(interlaced: array, …Array) → Array

Takes multiple array, and pairs up each value in those arrays: it creates an array containing each array's first value followed by each array's second value, and so forth. If some values have no matching pair (i.e. one array is longer than the other) then those values are ignored.

Example usage:

(interlaced: (a: 'A', 'B', 'C', 'D'), (a: 1, 2, 3)) is the same as (a: 'A',1,'B',2,'C',3)


There are a couple of other macros which accept data in pairs - the most notable being (dm:), which takes data names and data values paired. This macro can help with using such macros. For instance, you can supply an array of (datanames:) and (datavalues:) to (interlaced:), and supply that to (dm:), to produce the original datamap again. Or, you can supply just the names, and use a macro like (repeated:) to fill the other values.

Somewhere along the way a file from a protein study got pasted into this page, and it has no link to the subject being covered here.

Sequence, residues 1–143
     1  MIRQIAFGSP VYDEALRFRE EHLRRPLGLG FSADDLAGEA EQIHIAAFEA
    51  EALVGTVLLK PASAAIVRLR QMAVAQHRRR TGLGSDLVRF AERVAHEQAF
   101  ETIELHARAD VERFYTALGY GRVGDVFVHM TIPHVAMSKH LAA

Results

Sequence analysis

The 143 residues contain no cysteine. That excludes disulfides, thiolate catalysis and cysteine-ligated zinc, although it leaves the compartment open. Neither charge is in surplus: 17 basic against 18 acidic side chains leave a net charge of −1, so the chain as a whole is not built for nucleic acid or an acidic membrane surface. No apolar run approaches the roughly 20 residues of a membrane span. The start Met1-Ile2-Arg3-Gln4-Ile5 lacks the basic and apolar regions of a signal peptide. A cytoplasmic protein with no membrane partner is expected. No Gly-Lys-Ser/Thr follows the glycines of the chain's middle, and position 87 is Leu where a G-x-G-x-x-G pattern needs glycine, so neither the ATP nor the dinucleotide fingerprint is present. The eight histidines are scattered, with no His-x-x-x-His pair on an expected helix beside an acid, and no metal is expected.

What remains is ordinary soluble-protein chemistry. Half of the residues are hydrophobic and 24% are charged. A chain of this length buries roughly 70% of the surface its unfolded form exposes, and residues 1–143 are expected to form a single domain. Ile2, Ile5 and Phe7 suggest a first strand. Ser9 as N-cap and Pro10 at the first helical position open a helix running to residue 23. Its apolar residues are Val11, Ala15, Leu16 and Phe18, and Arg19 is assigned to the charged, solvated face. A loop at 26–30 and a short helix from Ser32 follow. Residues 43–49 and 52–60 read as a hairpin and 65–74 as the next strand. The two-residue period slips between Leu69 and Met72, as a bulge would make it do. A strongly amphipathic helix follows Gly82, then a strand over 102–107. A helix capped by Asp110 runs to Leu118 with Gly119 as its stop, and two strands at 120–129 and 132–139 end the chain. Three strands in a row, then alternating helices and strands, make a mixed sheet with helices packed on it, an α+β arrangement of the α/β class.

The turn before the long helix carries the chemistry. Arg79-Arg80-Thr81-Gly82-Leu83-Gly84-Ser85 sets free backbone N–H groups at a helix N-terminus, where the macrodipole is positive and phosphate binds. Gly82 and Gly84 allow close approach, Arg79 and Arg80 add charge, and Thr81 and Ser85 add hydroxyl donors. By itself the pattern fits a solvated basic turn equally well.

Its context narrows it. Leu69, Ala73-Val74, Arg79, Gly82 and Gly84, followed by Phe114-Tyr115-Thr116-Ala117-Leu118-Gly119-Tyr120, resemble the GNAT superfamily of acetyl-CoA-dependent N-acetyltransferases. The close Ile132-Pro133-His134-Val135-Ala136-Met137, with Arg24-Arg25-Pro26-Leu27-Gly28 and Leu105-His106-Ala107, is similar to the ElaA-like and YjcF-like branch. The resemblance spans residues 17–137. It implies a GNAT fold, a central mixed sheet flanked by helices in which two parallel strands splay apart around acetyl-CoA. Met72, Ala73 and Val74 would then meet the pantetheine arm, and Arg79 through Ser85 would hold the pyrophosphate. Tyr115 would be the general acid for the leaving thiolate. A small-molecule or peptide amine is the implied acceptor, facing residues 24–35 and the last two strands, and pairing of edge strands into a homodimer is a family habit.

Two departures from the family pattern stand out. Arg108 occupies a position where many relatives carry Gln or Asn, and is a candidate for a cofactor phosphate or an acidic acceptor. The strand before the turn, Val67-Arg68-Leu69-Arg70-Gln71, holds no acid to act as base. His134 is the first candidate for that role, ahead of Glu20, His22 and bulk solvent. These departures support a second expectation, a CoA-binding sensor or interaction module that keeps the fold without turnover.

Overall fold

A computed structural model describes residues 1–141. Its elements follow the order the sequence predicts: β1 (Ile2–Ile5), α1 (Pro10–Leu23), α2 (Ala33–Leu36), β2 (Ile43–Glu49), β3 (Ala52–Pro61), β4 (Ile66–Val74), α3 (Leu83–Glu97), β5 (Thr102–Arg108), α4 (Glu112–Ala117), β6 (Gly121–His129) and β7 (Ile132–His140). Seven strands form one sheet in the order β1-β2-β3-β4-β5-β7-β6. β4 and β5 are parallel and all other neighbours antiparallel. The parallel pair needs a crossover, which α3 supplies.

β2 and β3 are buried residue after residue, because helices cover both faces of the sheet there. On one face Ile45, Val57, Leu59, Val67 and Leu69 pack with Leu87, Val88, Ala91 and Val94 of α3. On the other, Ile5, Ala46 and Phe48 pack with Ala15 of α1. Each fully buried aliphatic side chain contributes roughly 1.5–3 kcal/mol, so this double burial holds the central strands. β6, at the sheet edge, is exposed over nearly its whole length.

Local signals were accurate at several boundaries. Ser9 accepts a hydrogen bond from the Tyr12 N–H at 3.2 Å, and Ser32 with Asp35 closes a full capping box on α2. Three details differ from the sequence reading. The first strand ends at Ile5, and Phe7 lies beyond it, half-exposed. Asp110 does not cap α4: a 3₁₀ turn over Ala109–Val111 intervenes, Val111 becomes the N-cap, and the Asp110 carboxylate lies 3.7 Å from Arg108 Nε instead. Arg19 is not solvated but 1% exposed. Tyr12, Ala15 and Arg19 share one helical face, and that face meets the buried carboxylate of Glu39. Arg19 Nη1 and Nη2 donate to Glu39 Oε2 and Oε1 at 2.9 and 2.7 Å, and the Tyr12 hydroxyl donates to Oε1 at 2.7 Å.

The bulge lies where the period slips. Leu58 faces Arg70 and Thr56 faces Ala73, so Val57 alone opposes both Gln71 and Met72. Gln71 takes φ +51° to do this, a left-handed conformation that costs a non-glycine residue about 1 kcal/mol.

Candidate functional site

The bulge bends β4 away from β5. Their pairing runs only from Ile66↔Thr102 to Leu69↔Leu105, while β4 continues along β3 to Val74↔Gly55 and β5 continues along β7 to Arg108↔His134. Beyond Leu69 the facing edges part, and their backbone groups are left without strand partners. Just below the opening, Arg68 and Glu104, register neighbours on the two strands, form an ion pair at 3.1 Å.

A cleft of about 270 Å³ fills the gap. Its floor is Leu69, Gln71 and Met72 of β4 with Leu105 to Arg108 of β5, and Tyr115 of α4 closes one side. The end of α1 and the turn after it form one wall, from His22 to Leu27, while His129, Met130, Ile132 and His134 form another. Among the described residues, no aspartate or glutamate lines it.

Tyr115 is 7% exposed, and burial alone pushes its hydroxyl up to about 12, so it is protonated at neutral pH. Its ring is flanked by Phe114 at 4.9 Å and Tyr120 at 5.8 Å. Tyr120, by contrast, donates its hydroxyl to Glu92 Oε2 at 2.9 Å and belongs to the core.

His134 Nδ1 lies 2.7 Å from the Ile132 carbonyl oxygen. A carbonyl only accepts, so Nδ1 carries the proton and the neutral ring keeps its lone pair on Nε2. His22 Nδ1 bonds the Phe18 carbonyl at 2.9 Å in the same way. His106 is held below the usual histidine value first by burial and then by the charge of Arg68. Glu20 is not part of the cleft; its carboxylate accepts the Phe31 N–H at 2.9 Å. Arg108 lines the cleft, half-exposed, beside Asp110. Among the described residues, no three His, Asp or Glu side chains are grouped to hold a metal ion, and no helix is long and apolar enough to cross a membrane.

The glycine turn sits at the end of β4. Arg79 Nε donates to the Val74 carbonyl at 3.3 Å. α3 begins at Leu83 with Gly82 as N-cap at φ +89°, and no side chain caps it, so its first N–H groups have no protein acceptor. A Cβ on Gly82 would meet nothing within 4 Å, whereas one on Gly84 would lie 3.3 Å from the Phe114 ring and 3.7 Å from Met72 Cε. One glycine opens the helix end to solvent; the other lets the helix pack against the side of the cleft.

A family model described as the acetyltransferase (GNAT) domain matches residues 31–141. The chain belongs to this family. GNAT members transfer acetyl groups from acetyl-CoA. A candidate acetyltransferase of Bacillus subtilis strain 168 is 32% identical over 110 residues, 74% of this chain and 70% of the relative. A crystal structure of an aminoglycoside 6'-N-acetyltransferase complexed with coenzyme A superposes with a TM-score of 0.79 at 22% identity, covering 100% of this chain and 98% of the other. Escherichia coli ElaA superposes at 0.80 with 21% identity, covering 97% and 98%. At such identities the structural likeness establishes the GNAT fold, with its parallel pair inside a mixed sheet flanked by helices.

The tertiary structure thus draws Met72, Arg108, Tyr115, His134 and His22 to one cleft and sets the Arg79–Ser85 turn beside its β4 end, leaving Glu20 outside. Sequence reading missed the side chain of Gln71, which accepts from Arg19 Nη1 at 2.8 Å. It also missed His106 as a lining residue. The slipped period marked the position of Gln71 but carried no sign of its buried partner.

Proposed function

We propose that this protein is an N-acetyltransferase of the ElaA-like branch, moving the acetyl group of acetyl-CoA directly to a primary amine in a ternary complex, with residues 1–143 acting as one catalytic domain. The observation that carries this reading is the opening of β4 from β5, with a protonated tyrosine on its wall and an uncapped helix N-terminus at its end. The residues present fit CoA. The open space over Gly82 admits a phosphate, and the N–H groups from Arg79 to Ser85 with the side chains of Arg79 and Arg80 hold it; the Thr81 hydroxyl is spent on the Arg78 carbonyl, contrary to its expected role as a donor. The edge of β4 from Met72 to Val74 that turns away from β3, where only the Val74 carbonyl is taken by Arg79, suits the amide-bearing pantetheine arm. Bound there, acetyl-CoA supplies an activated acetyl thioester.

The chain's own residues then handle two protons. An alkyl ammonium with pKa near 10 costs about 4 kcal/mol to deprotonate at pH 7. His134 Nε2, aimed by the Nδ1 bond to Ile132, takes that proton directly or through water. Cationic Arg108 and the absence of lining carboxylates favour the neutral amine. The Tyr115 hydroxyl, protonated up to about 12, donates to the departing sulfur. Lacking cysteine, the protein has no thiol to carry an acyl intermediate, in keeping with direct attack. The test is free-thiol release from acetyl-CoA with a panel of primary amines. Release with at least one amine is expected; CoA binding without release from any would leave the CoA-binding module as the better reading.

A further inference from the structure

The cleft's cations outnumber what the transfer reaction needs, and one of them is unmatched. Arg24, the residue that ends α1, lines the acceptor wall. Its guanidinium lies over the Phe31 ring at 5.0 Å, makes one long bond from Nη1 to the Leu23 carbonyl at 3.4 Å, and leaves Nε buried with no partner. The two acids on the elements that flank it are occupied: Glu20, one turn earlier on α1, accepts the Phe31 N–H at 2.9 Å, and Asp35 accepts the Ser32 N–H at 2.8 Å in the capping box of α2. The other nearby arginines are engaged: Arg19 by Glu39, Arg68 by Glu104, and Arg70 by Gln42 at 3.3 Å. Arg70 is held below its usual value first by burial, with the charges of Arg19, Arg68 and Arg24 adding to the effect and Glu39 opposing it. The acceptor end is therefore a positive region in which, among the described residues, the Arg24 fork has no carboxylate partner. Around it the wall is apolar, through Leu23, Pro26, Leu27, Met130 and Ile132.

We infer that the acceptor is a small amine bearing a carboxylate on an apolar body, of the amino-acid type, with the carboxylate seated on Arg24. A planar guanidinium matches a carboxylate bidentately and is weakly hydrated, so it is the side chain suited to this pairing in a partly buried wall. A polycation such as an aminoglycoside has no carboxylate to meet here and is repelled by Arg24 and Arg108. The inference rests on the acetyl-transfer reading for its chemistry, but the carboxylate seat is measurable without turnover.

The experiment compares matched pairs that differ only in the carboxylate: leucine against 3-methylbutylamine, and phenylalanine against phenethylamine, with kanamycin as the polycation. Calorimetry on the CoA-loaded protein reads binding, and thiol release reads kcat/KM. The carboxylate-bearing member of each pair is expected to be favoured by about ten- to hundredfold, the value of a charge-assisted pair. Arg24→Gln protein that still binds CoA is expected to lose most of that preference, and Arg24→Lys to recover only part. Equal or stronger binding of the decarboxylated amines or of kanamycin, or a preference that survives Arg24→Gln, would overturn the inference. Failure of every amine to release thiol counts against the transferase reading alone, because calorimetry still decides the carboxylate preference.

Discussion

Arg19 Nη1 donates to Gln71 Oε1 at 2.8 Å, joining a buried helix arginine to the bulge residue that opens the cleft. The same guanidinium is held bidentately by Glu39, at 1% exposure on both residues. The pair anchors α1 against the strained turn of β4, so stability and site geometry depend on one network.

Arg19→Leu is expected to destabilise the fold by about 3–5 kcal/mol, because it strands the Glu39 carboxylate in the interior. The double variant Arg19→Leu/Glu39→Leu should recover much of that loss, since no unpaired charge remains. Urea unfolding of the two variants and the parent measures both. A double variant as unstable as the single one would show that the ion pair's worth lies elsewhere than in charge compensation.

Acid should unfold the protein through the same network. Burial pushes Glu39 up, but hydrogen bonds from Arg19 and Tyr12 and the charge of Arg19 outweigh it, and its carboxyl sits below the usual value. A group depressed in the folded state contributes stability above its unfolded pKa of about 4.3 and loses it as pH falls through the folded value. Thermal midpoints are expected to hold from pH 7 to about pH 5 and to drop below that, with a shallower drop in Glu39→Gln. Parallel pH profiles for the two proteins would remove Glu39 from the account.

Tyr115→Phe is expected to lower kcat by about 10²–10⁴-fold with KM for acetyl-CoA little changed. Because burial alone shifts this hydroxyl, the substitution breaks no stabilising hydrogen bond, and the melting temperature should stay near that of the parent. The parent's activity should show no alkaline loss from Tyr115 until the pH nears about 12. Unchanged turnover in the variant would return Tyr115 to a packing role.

However, (interlaced:) can also be of use alongside macros which accept a sequence: you can use it to cleanly insert values between each item. For instance, one can pair an array with another array of spaces, and then convert them to a string with (text:). (text: ...(interlaced: $arr, (repeated: $arr's length, ' ')) will create a string containing each element of $arr, followed by a space.


If one of the arrays provided is empty, the resulting array will be empty, as well.

See also:

(a:), (rotated:), (repeated:)